Jane Eyre is an orphan, sent to Lowood school, and eventually becomes a governess at Thornfield hall to a girl named Adele. While she is there, many strange things happen and eventually she... See full summary »
Charlotte Bronte's classic novel is filmed yet again. The story of the Yorkshire orphan who becomes a governess to a young French girl and finds love with the brooding lord of the manor is ... See full summary »
Jane Eyre is an orphan cast out as a young girl by her aunt, Mrs. Reed, and sent to be raised in a harsh charity school for girls. There she learns to become a teacher and eventually seeks ... See full summary »
Jane Eyre is left an orphan and penniless at the age of fourteen. She is adopted by her uncle, who has ample means of providing for her, and who also loves her dearly. Her uncle's kin, ... See full summary »
Frank Hall Crane
I'm bursting with repletion: I don't care if they never make another version or if they make a hundred versions of "Jane Eyre." I'll watch this one for the rest of my life. I got my very own copy of it in the mail today. I'm glad I hadn't been aware of its existence until two months ago. I don't think I would have survived without it for 35 years. It is the only version that truly respects the genius in Charlotte Bronte's writing, and doesn't presume to improve or interpret it.
Other reviewers have already used the very words I wanted to use to describe this brilliant dramatization. Michael Jayston is the only actor who seems to have taken the trouble to read the book and all its finer points: his portrayal displays all the moods and traits in just the right tone and force of feeling. Sorcha Cusack is adorable and dignified; the language of her eyes is easily interpreted by Jayston's Rochester. All the other actors are also perfect impersonations. If only we could give them a charm or a philter to make them look young again - we would make them re-film the complete dialogues.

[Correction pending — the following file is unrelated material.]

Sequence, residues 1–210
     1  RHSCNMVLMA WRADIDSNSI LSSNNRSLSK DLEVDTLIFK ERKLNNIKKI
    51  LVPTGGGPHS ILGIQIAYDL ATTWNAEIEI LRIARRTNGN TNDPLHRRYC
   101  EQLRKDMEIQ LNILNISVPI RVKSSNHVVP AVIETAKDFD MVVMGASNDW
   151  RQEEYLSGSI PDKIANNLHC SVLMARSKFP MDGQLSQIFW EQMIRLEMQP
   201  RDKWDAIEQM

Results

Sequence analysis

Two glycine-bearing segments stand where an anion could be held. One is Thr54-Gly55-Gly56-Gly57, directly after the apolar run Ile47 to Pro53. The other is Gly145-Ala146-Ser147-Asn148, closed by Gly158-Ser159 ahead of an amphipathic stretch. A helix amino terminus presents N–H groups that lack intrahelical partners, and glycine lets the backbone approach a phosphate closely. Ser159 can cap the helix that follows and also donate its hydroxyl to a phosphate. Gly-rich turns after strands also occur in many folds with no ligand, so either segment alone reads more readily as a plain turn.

Admittedly, I didn't at first take to this version. The script is faithful to the book (as I soon found by re-reading all the scenes), but I deemed the acting too theatrical, the outdoor sets too one-dimensional; and Michael Jayston's looks were not to my taste. On second viewing I found that the acting matched exactly Charlotte Bronte's narrative. The third viewing proved that a loving eye is all the charm needed to endear Rochester's looks to me. (I have now copied a picture of Jayston's Rochester as a computer background, and I look out for his appearance in re-runs of "Darling Buds of May" and "Foyle's War.")
Most importantly, this is the effect the superb interpretation of this version had on me: it re-transformed me from India-rubber back to flesh. Over the years of my mid-life crisis I ceased to believe in any form of love. Humanity, to me, seemed one mass of bad, hard-hearted individuals. JE 73 has opened new meaning and deepened my understanding of what Charlotte Bronte had really wanted to say in her novel. I had always considered her book to be my manifesto since teenage years - now it has become a revelation to me, has opened the doors of the soul's cell.
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